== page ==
# Comparing Derivatives

## Homework Statement

Let ##f(x)## and ##g(x)## be two differentiable function in R and f(2)=8, g(2)=0, f(4)=10 and g(4)=8 then

A)##g'(x)>4f'(x) \forall \, x \, \in (2,4)##

B)##3g'(x)=4f'(x) \, \text{for at least one} \, x \, \in (2,4)##

C)##g(x)>f(x) \forall \, x \, \in (2,4)##

D)##g'(x)=4f'(x) \, \text{for at least one} \, x \, \in (2,4)##

## The Attempt at a Solution

How am I to compare the derivatives with only two points? I really don't know where to start with this. Just a wild guess, do I need to apply the mean value theorem?

## Answers and Replies

tiny-tim
Science Advisor
Homework Helper
Hi Pranav-Arora!

Hint: consider g - 4f and 3g - 4f

Hi Pranav-Arora!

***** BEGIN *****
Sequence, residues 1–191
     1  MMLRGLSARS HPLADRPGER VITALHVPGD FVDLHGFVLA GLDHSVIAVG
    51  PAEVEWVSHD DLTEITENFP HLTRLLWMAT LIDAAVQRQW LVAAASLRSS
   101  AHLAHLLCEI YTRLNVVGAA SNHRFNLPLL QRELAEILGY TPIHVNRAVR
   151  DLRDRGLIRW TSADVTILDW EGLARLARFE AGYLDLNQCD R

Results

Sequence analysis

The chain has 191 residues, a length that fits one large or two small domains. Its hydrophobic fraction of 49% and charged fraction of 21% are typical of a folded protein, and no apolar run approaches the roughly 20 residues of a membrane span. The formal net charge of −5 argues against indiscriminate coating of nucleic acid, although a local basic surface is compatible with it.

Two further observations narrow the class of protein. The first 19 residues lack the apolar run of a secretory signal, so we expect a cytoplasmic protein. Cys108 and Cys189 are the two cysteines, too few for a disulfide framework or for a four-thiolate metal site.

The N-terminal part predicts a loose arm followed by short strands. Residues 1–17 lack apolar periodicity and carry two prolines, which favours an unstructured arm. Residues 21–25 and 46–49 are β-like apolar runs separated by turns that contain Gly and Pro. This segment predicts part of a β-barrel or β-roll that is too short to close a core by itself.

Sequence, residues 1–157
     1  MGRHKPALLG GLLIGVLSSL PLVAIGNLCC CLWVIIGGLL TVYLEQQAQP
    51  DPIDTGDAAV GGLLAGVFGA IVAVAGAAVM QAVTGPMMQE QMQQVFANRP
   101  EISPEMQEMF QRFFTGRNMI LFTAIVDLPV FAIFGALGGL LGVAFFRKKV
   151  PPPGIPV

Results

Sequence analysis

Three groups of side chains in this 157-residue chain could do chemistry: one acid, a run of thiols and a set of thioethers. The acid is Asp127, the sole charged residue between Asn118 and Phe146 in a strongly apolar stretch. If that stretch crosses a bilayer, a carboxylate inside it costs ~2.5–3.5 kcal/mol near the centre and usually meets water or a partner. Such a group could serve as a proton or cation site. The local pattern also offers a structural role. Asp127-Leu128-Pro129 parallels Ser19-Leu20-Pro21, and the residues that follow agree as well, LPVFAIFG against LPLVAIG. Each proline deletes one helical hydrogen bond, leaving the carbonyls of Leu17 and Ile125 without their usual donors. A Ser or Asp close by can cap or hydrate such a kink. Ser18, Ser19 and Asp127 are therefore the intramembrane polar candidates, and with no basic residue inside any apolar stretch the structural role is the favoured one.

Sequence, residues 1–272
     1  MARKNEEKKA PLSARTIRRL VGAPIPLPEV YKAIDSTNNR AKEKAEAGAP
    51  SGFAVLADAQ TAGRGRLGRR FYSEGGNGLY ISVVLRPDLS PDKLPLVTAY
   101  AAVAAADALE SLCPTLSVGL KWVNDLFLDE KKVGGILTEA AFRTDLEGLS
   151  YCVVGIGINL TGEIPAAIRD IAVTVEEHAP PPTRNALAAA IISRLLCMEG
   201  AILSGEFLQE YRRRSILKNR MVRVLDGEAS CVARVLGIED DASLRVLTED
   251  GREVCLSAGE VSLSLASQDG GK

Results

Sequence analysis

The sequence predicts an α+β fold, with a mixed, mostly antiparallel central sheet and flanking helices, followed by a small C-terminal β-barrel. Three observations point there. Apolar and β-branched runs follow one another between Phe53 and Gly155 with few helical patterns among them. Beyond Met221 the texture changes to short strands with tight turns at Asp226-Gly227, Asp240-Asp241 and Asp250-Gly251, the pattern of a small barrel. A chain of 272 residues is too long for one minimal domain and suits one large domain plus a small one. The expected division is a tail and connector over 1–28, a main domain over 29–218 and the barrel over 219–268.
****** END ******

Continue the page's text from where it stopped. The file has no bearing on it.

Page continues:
Hint: consider g - 4f and 3g - 4f

I don't see how does it help.

Let ##h(x)=g(x)-4f(x)##. Then ##h(4)=h(2)=-32##. This suggests that h' is zero somewhere in (2,4). What should I do now?

tiny-tim
Science Advisor
Homework Helper
This suggests that h' is zero somewhere in (2,4).

yup!

and h' = g' - 4f'

yup!

and h' = g' - 4f'

Ah yes, then its D. Thank you tiny-tim!

Let v(x)=3g(x)-4f(x). How do I prove that v'(x) is never zero in (2,4)?

tiny-tim
Science Advisor
Homework Helper
ALet v(x)=3g(x)-4f(x). How do I prove that v'(x) is never zero in (2,4)?

B is just there to confuse you!

Anyway, you'd only need to show that it can be never-zero …

you should be able to sketch a counter-example.

1 person
B is just there to confuse you!

Anyway, you'd only need to show that it can be never-zero …

you should be able to sketch a counter-example.

Okay, I understand, thank you once again! :)